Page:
Executive Secretary of the Secretariat of the Convention on Biological Diversity (CBD), Elizabeth Maruma Mrema, has said that the media plays a crucial role in creating awareness on the global biodiversity crisis.
Mrs Mrema made the disclosure in a recent correspondent to the leadership of the African Network of Environment Journalists (ANEJ), which had written earlier to congratulate her on her appointment by United Nations Secretary-General, António Guterres, on Monday, June 8, 2020 as head of the CBD.
While thanking Mr. Sidi El Moctar Cheiguer, President of ANEJ, for his gesture, Mrema highlighted the “important contribution of ANEJ to the work of the Secretariat”.
“Media plays a crucial role in making people aware of the biodiversity crisis and the impact of human activities on ecosystems, and ANEJ has been an important partner for the Secretariat in addressing biodiversity and climate challenges, by raising environmental awareness and inspiring action to protect the natural environment,” she stated.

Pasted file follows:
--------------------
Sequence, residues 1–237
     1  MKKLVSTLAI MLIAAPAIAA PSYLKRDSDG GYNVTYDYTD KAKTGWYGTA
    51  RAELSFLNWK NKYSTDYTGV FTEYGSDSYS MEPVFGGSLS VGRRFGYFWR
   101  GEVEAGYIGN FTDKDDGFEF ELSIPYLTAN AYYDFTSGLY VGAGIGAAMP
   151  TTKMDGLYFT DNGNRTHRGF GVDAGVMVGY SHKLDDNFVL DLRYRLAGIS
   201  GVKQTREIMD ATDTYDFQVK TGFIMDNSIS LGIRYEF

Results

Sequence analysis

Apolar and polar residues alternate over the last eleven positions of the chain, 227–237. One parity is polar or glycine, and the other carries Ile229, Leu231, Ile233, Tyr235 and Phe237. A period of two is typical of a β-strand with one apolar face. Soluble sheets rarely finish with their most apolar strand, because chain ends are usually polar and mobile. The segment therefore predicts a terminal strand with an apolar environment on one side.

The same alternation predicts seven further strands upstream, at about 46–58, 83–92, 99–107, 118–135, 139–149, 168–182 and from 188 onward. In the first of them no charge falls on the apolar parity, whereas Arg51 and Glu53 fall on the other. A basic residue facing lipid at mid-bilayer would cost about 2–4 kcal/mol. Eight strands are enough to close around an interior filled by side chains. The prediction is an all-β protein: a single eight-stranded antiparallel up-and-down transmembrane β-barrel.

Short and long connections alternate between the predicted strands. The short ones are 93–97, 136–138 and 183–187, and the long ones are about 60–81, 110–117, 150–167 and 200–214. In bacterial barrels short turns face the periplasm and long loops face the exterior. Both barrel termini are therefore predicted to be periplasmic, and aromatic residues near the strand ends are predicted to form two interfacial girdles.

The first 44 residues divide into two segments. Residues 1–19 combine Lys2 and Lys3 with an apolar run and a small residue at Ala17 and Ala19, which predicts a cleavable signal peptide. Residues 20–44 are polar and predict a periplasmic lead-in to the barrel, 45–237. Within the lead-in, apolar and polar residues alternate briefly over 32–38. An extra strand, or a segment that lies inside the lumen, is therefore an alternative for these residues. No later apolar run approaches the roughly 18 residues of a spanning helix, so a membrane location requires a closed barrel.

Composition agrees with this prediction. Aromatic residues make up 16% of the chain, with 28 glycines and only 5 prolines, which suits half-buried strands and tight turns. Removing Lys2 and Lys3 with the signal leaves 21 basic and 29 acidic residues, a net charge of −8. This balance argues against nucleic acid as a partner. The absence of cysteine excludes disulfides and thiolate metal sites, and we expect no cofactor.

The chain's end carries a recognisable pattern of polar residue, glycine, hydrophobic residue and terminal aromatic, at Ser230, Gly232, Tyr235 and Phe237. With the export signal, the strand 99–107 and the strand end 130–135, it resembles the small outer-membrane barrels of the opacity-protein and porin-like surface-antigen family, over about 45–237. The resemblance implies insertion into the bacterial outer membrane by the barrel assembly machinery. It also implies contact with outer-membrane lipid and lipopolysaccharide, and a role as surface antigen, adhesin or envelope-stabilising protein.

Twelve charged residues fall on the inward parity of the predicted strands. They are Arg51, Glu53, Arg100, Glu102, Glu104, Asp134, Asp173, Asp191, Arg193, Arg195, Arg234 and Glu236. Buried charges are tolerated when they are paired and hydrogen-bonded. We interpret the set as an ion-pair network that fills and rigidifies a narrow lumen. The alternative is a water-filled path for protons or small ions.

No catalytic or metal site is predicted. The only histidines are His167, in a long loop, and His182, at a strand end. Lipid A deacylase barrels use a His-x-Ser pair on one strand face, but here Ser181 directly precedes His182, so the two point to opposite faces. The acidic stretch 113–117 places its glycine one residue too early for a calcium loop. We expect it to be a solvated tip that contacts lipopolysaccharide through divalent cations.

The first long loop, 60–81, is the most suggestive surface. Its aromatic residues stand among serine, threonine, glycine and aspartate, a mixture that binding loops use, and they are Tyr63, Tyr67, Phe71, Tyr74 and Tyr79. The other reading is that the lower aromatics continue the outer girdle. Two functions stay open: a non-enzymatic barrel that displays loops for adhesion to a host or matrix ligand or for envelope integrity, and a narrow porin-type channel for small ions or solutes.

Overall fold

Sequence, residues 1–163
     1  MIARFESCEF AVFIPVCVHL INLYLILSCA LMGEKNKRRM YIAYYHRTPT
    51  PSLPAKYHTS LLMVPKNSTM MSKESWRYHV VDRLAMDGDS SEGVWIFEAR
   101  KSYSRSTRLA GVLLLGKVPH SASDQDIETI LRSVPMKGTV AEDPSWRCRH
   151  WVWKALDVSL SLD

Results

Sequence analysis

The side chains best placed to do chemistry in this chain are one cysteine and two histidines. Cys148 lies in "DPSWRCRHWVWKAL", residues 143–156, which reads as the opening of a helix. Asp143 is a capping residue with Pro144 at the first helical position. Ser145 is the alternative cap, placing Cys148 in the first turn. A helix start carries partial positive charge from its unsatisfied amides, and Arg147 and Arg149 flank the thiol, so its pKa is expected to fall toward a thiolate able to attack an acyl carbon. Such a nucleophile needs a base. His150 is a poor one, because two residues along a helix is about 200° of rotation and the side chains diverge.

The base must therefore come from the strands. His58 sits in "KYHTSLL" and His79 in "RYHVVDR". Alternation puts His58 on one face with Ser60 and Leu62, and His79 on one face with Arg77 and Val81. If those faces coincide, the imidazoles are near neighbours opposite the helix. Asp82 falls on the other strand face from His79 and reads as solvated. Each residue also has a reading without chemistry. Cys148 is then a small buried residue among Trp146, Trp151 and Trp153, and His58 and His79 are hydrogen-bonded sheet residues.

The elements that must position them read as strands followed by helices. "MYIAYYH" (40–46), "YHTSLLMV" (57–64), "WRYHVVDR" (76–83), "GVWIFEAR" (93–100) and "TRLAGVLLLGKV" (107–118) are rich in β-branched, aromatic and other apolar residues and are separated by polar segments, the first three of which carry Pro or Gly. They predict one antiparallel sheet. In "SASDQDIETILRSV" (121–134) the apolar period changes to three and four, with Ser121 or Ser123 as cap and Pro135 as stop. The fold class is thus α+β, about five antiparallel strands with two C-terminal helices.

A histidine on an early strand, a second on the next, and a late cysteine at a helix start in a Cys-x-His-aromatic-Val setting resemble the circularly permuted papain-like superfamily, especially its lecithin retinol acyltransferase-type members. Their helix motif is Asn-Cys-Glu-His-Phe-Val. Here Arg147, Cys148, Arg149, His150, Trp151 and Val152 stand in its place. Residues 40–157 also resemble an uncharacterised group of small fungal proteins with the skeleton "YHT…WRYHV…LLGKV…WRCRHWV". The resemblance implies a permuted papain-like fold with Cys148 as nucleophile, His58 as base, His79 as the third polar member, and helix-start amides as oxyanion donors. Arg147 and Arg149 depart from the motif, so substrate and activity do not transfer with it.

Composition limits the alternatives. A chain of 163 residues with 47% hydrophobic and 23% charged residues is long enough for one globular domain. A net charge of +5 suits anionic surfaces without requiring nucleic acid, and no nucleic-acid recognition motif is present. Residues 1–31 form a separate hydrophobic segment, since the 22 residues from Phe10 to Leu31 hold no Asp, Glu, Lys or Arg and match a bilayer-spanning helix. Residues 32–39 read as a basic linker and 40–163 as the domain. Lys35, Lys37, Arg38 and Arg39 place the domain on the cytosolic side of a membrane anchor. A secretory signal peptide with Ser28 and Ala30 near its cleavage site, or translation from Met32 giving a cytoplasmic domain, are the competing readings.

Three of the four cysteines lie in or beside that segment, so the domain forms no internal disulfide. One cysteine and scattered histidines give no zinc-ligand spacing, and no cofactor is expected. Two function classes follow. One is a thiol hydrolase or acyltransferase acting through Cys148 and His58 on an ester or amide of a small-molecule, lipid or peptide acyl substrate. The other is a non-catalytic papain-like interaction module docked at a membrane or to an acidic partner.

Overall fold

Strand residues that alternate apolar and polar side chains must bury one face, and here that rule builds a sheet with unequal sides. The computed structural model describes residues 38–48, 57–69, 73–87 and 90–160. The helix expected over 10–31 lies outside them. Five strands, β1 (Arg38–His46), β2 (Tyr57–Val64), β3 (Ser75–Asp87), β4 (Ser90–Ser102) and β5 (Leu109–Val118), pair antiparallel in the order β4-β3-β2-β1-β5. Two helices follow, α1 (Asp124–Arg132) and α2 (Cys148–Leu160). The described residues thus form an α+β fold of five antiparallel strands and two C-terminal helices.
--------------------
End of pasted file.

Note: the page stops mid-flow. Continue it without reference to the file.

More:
Mrema added: “Thank you for your kind letter congratulating me on my appointment as Executive Secretary of the Secretariat of the Convention on Biological Diversity. I am grateful for your warm words and wishes. It is a great honour to be entrusted with such a significant responsibility at this very important moment in the history of the Convention.
|I hope that, with the support of my dedicated colleagues at the Secretariat, we continue to serve the objectives of the Convuntion and to lead and inspire action to secure a better future for all life on Earth.”
While congratulating Mrema, Cheiguer described the appointment as “a well-deserved reward for your focus and hard work over the years in the UN System”.
The appointment of Ms. Mrema coincides with the transition from the present Strategic Plan for Biodiversity 2011-2020 and its Aichi Biodiversity Targets to a new post-2020 global biodiversity framework expected to be agreed by the Conference of the Parties (COP) next year in Kunming, China.
The Zero Draft of the post-2020 global biodiversity framework, released earlier this year, outlines five long-term goals related to the Convention’s 2050 Vision for Biodiversity, which aims at living in harmony with nature.
The post-2020 framework, according to the UN, can play a significant role in building the resilience needed in the face of growing environmental, health and development challenges, and will be relevant for the period of reconstruction following the COVID-19 pandemic.